CloudFlare is essentially passing judgment on who is allowed to access the site they front and how. So they sure don't have any lessons to give on free speech...

Comment I can't wait (Score 2) 71

to be able to watch Eastenders in Ultra HD...

To the Beeb's credit though, the Sky at Night in UHD would definitely be a lot more interesting, surely. But out of thousands of mediocre shows and movies released year after year after year, is it worth buying a new tv to marvel at a dozen really good programs? Somehow this don't seem to be a good value proposition.

Comment Not too hard (Score 1) 186

1. Detection
Pulses of prime numbers. Not natural phenomenon, same in all number systems. Simple beat with silence:

01111111111 111111111

2. Binary, you speak it
We repeat this in binary, which should be fairly easy to recognize as the previous information aligned to 8 bit = byte values.
00000010 00000011 00000101 00000111
00001011 00001101 00010001 00010011

3. Length of payload in bytes + payload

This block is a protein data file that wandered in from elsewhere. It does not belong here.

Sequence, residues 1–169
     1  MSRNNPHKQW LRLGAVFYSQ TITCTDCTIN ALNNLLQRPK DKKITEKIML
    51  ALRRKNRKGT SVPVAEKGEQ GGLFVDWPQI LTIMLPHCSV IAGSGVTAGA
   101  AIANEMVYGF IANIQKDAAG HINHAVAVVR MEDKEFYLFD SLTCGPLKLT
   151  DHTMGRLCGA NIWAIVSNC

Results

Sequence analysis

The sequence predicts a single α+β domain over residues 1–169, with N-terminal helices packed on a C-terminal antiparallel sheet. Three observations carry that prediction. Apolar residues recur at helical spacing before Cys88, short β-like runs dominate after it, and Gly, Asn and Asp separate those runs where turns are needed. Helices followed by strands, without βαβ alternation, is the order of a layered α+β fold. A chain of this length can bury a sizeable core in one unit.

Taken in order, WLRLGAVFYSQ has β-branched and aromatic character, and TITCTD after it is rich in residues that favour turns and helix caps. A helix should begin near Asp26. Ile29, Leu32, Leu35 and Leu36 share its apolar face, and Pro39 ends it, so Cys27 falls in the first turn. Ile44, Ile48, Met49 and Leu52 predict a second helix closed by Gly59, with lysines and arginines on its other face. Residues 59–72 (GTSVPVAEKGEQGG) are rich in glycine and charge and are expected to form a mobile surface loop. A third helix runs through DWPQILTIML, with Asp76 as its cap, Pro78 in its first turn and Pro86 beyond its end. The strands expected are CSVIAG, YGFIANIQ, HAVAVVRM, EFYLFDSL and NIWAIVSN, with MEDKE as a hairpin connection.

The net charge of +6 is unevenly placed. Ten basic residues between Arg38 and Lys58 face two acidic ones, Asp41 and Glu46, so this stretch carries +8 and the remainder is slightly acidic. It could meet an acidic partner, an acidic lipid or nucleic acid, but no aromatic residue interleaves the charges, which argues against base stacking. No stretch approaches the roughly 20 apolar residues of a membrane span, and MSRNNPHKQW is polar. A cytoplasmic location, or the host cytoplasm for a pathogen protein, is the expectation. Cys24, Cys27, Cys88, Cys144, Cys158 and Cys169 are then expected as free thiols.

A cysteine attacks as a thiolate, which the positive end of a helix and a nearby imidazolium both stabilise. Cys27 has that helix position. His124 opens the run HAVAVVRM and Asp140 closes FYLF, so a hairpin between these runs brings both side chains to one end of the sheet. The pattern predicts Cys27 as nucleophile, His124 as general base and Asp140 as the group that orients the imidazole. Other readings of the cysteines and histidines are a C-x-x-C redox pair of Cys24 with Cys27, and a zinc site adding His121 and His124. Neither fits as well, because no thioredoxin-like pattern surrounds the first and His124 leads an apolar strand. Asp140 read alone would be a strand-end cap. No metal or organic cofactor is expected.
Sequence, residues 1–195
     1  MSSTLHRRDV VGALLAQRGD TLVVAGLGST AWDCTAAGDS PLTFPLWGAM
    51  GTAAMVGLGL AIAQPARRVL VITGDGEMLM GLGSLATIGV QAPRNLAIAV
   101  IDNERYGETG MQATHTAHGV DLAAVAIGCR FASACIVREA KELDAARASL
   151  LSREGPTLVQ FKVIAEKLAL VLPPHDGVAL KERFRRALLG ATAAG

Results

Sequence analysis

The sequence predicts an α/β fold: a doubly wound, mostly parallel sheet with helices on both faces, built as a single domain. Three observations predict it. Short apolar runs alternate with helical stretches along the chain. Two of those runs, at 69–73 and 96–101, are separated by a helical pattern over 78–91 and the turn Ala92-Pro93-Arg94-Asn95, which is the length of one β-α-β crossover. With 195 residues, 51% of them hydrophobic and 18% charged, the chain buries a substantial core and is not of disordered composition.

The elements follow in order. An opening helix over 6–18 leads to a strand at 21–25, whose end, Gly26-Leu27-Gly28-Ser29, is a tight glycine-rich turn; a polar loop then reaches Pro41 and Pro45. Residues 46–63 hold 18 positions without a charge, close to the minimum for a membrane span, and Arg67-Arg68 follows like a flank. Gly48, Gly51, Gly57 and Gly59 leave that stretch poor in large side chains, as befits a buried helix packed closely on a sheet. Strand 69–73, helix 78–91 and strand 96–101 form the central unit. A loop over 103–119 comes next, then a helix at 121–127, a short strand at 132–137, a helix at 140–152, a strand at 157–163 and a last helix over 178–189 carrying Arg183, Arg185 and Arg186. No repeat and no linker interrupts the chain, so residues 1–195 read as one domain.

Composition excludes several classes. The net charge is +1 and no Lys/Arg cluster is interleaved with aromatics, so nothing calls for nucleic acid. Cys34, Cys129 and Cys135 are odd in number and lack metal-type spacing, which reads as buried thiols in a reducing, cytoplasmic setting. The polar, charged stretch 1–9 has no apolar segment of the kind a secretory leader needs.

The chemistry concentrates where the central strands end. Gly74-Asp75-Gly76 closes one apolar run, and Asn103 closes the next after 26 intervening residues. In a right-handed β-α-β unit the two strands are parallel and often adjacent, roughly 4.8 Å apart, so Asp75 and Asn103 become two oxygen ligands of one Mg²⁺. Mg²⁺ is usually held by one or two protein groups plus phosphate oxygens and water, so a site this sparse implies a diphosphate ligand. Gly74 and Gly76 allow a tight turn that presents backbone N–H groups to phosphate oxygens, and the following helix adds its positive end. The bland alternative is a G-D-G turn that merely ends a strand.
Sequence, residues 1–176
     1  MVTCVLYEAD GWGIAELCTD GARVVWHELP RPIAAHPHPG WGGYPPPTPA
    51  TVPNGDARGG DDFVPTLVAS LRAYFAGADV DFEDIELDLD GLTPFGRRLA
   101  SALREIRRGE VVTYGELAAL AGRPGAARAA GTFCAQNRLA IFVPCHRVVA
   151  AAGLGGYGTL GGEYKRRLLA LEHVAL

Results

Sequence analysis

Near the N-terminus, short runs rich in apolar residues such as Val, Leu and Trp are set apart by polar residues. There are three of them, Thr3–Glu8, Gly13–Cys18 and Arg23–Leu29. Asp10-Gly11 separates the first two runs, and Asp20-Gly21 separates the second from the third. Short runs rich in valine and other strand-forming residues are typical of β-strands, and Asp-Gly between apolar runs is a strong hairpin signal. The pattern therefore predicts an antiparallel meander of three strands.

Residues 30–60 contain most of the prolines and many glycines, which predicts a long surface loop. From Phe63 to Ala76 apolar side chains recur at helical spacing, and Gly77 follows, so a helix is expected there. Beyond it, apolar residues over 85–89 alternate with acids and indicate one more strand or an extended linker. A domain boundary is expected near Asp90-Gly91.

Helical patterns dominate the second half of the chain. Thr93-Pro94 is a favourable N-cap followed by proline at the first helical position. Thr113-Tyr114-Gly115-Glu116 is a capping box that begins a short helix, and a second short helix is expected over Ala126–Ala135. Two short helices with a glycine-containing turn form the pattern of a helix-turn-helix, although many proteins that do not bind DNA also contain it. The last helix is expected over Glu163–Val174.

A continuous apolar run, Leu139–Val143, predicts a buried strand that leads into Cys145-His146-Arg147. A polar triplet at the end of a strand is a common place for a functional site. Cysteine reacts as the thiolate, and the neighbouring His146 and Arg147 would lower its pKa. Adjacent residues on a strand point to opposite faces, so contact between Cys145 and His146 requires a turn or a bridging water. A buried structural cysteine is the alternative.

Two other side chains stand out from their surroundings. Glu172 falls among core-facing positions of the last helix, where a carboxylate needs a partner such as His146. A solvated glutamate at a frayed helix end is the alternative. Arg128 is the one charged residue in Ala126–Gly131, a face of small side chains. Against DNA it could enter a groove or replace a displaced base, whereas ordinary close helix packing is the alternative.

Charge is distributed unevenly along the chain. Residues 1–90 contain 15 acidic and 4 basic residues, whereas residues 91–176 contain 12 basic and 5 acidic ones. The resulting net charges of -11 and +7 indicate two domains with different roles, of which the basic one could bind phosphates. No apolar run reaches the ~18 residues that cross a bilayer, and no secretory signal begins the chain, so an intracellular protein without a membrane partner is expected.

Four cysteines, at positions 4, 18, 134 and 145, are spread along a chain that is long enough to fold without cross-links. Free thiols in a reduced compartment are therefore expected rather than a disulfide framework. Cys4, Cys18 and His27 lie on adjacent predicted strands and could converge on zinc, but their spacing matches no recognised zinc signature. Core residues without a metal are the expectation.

00000000 00000000 00000001 10110000 = 432
432 x ????????

4. Goto 1, rotate payload.

As for the actual payload.... You could for example send atom configuration from the periodic table.
1 - 1
2 - 2
3 - 2,1
10 - 2,8
11 - 2,8,1
18 - 2,8,8
19 - 2,8,8,1
20 - 2,8,8,2
21 - 2,8,9,2
22 - 2,8,10,2
23 - 2,8,11,2
24 - 2,8,13,1

It will be pretty obvious to any physicist this is the list of elements. Using that and a bit more you can explain the units of mass, time, distance and so on.

For math you can send a list of (input A, operator code, input B, result) and it will be obvious that this operator means addition, subtraction, multiplication, division and so on. Once you have subtraction, explain 0-1 and two's complement and you'll have negative numbers.

Then you can start making advanced concepts like C+O+O = CO2 and describe properties of that gas. I really don't think it's going to become a problem bootstrapping communication, if we could just find someone to communicate with.

Comment Re:A remarkable number of people are idiots (Score 4, Interesting) 364